Osprey Monitoring

Osprey in Flight

Every week, from April through August, volunteers in Rhode Island head forth to check on Osprey nests. The monitoring program, overseen by the Audubon Society of Rhode Island (ASRI), is a model for efforts in other states. The monitoring of Osprey (Pandion haliaetus) in RI began in 1977 by the RI Department of Environmental Management, and was taken over by ASRI in 2010. With one exception, data on Osprey nesting has been collected every year by citizen volunteers. Osprey numbers have increased annually, once the use of DDT was outlawed. The pesticide DDT accumulated in the food chain, causing major problems for birds like Osprey and Bald Eagles (among other species). DDT caused the shells of eggs to be thin, so thin that the weight of adult birds crushed them as the adults tried to incubate the eggs. Rachel Carson’s Silent Spring highlighted these impacts, as well as the harmful effects of other pesticides, helping to jump start the modern environmental movement. Once DDT was outlawed in the United States, Osprey, Bald Eagles, and other species began to return in numbers and to locations they had previously enjoyed. Monitoring and reintroduction programs began. I am responsible for monitoring four nests this year, three in Hopkinton, RI, and one in West Greenwich, RI. Three of the four are active, meaning they are occupied and the adult birds appear to be incubating eggs or attending to young. In all cases it is not possible to see into the nests, so I have to judge from the adults’ behavior.

Osprey have several popular names: fish hawk, fish eagle, river hawk, and even sea hawk. As these names suggest, they eat fish exclusively, but are neither eagles nor hawks. Rather, Osprey are the sole species in their biological family. They are a holarctic species, meaning they are found throughout the northern continents of the world. Osprey occur on every continent except Antarctica, although they do not breed in South America, heading south in winter months from their nesting territories in North America. Osprey always fly with their wings crooked in an “M” shape and have a dark patch on their “elbows”, actually the equivalent of their wrists. They have scales on their toes that help them grasp fish, which they capture by diving. Unlike eagles and hawks, Osprey can rotate one toe backwards, better enabling them to hold their prey with two toes forward, two backward.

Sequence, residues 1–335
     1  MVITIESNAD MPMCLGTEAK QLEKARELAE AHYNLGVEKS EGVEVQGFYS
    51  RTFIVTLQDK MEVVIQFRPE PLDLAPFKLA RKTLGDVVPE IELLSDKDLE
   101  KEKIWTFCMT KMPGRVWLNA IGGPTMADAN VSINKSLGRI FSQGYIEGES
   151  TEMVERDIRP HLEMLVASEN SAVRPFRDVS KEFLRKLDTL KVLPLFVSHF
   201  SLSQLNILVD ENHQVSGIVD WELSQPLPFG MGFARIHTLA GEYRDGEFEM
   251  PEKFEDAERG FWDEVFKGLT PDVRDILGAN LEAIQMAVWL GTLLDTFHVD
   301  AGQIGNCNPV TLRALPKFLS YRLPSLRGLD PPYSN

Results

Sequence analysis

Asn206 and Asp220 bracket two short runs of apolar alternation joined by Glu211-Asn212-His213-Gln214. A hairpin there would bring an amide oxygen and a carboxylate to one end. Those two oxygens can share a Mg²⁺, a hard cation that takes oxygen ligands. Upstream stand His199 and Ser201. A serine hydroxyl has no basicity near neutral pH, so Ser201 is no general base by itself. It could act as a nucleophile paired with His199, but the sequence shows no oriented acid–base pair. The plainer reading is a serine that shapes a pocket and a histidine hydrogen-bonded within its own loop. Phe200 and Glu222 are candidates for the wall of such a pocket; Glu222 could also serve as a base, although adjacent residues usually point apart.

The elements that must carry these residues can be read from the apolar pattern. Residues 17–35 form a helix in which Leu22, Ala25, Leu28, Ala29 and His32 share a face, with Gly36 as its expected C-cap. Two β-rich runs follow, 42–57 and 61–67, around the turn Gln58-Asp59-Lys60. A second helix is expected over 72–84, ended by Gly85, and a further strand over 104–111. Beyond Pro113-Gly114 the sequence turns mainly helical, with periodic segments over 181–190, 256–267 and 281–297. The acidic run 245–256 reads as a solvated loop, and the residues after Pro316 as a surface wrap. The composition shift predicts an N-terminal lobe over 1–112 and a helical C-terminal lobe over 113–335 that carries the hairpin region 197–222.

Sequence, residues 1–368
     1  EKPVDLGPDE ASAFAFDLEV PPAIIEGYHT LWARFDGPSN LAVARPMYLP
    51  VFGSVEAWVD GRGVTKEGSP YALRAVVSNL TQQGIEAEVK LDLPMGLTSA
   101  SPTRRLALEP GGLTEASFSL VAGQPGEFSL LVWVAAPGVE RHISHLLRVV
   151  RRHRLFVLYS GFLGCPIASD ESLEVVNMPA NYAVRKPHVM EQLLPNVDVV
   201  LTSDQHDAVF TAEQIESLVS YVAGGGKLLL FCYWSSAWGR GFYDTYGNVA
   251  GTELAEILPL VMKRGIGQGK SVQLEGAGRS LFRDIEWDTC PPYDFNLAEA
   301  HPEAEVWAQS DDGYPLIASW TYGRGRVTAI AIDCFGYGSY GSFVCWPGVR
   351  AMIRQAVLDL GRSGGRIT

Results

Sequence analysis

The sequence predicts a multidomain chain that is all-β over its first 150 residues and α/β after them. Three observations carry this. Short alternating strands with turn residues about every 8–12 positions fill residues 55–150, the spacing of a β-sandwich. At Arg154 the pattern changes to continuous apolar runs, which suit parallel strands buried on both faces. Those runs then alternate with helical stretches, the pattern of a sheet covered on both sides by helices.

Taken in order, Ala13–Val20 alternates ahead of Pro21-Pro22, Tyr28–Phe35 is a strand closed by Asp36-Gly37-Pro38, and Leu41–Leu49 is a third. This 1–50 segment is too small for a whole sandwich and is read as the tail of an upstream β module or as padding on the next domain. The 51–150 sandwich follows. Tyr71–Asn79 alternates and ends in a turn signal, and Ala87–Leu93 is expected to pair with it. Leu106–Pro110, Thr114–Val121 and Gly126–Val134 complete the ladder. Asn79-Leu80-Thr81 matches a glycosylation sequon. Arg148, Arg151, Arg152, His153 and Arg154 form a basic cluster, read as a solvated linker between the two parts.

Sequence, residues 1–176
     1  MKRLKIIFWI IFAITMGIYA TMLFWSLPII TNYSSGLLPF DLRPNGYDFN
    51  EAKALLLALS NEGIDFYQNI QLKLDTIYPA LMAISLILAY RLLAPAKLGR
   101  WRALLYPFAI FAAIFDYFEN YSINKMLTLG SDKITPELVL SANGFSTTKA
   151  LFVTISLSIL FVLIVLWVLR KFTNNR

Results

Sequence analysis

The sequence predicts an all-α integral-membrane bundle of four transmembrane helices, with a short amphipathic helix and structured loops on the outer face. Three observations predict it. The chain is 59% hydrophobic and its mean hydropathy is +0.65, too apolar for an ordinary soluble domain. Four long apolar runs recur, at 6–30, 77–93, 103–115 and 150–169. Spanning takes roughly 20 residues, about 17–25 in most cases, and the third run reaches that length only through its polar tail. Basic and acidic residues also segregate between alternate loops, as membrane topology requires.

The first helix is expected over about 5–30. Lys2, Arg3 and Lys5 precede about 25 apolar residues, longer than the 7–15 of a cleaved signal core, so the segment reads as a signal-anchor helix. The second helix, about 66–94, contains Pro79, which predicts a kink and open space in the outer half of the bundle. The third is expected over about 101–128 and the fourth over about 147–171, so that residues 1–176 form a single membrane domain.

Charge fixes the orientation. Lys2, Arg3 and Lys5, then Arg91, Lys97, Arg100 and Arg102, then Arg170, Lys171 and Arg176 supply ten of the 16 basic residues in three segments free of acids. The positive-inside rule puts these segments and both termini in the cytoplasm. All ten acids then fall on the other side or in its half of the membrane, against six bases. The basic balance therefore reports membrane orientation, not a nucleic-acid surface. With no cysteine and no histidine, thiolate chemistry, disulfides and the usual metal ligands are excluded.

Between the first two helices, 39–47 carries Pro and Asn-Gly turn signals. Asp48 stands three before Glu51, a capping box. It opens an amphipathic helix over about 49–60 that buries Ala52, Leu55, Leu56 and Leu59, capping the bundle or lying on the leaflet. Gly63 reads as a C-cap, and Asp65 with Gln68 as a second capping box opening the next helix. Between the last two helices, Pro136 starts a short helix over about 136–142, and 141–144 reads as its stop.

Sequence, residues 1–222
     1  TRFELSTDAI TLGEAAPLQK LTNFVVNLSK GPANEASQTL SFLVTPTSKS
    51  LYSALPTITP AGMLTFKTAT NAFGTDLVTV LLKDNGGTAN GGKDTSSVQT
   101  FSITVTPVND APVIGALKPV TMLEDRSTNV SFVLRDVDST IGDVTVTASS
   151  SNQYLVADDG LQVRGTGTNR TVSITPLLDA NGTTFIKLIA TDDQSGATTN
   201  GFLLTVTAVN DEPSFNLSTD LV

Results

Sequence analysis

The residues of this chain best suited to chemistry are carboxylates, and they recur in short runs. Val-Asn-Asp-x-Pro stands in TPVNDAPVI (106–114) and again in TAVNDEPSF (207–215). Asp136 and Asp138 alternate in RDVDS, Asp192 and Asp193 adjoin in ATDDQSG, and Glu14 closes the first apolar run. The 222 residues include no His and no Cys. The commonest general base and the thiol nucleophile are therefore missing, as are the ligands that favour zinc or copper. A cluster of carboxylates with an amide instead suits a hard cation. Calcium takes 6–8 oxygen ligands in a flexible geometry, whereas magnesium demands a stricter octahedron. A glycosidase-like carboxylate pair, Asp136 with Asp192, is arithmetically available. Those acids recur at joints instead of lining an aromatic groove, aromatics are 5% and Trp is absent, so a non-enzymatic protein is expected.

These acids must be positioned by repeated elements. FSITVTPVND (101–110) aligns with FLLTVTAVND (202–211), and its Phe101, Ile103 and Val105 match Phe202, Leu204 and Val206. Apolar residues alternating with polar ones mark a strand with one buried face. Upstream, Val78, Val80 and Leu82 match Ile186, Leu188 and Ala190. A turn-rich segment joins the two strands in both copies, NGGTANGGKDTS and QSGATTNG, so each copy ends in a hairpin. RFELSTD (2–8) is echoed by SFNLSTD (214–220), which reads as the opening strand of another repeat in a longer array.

Looking for the King

Recently I went looking for the king--the King Eider, that is. King Eiders are an Arctic species, usually seen only in Alaska in the United States. Very rarely they will wander to the shores of New England in the winter, however. Over 25 years ago … [Continue reading]

Fun on a Snowy Day

Thursday in Rhode Island was a very snowy day, with over a foot of snow arriving at my house. I have always wanted to try to photograph snowflakes, so I thought this would be a great opportunity to try. Got out my 105mm macro lens, put it on my Nikon … [Continue reading]

Women’s Rally In Rhode Island

January 21, 2017 marked the gathering of more than two million people in over 670 sites in the US and 63 countries around the world. Here in Rhode Island I joined an estimated 7,000 men, women and children in front of the Rhode Island State House, … [Continue reading]

Illegitimate

Sunday, January 15, 2017 on NBCs "Meet the Press," Chuck Todd asked Rep. John Lewis (R-GA) if he would be attending the inauguration this coming Friday, January 20.  The civil rights hero and moral voice of the Congress responded that he would … [Continue reading]